In the studio I have been working on a small tapestry 'Forest Floor' The design for this wee work came from my trip to the West Coast in November. We walked through the native bush past Karamea on the way to see the Oparara Arch and I took heaps of photographs of the forest floor and the big trees etc etc. The design is a composite of a number of these photographs, scanned and altered to fit in with my concept.



The red represents the danger that we are in because of our lack of care for our environment and the black squares represent the void, the emptiness, the possible loss of humankind from the planet.





A Sketch a Day 
This year I made a New Years resolution to try and do one sketch every day so I went out and bought myself a small sketchbook and so far I have only missed two days, so feel that I am doing quite well. I decided to draw whatever was on my kitchen table each day. Some days there is not much on it so I have to bring something to the table to draw, but mostly there is something interesting there for me to draw.



The two mandarins were looking lonely in the large fruit bowl but were nice to draw. I am practising my skills with watercolour which I haven't used for a long time, and am finding that the more I do the better they get, so hope that continues. I still don't feel hugely confident with watercolour yet.



There are nearly always flowers on my table, either what my friends bring me when they visit or something out of my very small garden. In this sketch I was trying not to use an outlining in ink as this is what I usually do. I was quite pleased with this image of the lilies that Rose brought me when she stayed during Peg's exhibtion.



I did this quick drawing of bananas at my daughter Krista's place in Hamilton. I had to dash up there as my third daughter Kellie, was in hospital having heart surgery which was really successful, thank goodness. The drawing was done at ten o'clock at night when I was more than ready for bed.



When I arrived home from Hamilton this is how I found the lilies - most of the leaves had fallen on to the table, but they were good to draw.


'Colour and Light' An exhibition by weaver Peg Moorhouse 
Last night was a very exciting night for my 92 year old friend and weaver Peg Moorhouse. Her exhibition 'Colour and Light' was opened in the Mezzanine Gallery at CoCA (Centre of Contemporary Art). Peg has been weaving for many years and at the age of 75 purchased an Oxebeck damask loom from Sweden. Since then she has woven many colourful abstract and textural textiles in both damask weave and in her own technique which she has developed on this loom.



Here is Peg at her opening. She is a lovely vibrant lady who gets every enjoyment out of her life and work. She weaves most every day and produces a lot of wonderful, colourful hangings in her own technique using her damask loom.



Peg puts a lot of novelty yarns into her hangings, using colour and texture as a focal point for her work.



Four of The Professional Weavers Network of NZ Inc. Here we are, Wilson, me, Peg and Rose Pelvin. Rose stayed with me over the last couple of days and it was great having her here. She brought Peg down to Christchurch from Blenheim and has always been a wonderful support person for Peg.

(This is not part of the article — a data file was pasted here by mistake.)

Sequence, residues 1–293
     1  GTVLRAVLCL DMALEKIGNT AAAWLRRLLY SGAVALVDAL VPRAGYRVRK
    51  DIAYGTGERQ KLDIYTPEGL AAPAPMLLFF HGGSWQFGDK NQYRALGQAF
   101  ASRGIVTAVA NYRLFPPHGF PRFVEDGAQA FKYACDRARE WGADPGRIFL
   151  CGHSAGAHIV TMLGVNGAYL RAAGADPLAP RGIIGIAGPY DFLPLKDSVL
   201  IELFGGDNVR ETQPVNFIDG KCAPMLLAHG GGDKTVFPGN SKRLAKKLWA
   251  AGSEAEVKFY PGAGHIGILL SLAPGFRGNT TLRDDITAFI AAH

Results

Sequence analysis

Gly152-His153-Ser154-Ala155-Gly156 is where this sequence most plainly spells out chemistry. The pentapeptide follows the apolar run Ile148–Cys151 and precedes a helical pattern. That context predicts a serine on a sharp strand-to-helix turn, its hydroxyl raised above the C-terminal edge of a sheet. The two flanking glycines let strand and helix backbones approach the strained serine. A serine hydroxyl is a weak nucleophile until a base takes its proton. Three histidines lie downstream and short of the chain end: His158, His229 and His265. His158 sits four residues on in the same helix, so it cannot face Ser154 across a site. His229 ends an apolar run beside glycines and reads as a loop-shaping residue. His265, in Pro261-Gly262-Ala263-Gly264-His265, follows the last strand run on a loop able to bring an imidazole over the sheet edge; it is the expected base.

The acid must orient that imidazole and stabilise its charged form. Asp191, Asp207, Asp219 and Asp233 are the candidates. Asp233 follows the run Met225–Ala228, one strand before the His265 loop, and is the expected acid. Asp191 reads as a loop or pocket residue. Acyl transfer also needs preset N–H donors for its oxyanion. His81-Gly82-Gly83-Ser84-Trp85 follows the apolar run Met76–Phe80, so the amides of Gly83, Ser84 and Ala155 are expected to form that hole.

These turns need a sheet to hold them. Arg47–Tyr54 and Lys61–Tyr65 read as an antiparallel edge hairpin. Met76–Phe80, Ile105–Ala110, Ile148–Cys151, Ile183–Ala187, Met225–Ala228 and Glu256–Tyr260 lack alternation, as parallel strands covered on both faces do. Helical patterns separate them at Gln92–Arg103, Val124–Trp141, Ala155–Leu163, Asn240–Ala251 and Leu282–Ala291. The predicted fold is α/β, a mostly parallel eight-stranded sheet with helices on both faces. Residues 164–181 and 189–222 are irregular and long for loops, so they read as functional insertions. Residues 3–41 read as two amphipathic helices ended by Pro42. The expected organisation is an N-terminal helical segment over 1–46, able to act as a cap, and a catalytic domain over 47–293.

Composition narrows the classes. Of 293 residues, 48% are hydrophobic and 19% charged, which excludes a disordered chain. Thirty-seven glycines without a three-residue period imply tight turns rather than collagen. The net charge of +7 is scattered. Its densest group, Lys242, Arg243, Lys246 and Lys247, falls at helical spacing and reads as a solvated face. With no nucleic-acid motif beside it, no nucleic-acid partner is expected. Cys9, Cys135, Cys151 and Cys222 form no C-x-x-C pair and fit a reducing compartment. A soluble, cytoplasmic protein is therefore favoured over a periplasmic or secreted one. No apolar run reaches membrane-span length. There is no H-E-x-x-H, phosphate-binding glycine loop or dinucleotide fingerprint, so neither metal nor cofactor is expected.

Tapestry completed and other stuff 
The small tapestry 'Sentinel' is now complete and ready to put in its frame. It will sit in a box frame which is how I usually mount the small tapestries.



Last week I travelled up to Blenheim with Penny Orme, a local arts writer, critic and curator. We visited Peg Moorhouse to choose her work for her exhibition at CoCA next month. Peg is 92 years old and is still weaving every day. Her exhibition will be held in the upstairs gallery at CoCA. I will post images of her work when the exhibition is hanging.

On our way home from Peg's place last Thursday Penny and I stopped off at the Marlborough District Council offices as I wanted to see the tapestry that I was commissioned to weave back in 1994 for the Women's Suffrage Committee. It had been hanging in the entrance to the Council office for over ten years and was spelled for about two years and put away in a cupboard for that period. It is now back in place but hanging away from the light coming in from the front door and is placed in a special alcove behind glass to protect it. Here is a photograph of the work in its new spot.



It is good to see that the tapestry is really appreciated and cared for by the people of Marlborough.





My latest small Tapestry 
I have now started working on a series of small tapestries featuring birds. I am about halfway through the first one. This tapestry is of seagulls swimming in the pond in the North Quad of the Arts Centre. I was out on the balcony one day when I noticed the seagulls swimming in the pond and then flying up on to the ledge near where I was standing. Heaps of them!! So out came my camera and I took many photographs which I then cropped and played with on the computer to come up with the final images. I decided to weave this one.



The sett on this tapestry is 14epi and the size is approximately 32 x 24cm. I can't quite remember the actual size - will have to measure it when I get back in to the studio. The work is progressing well. I have done just over a week's work in this tapestry and I am now about half way through it.







The last photograph shows where I was up to yesterday at the end of the day.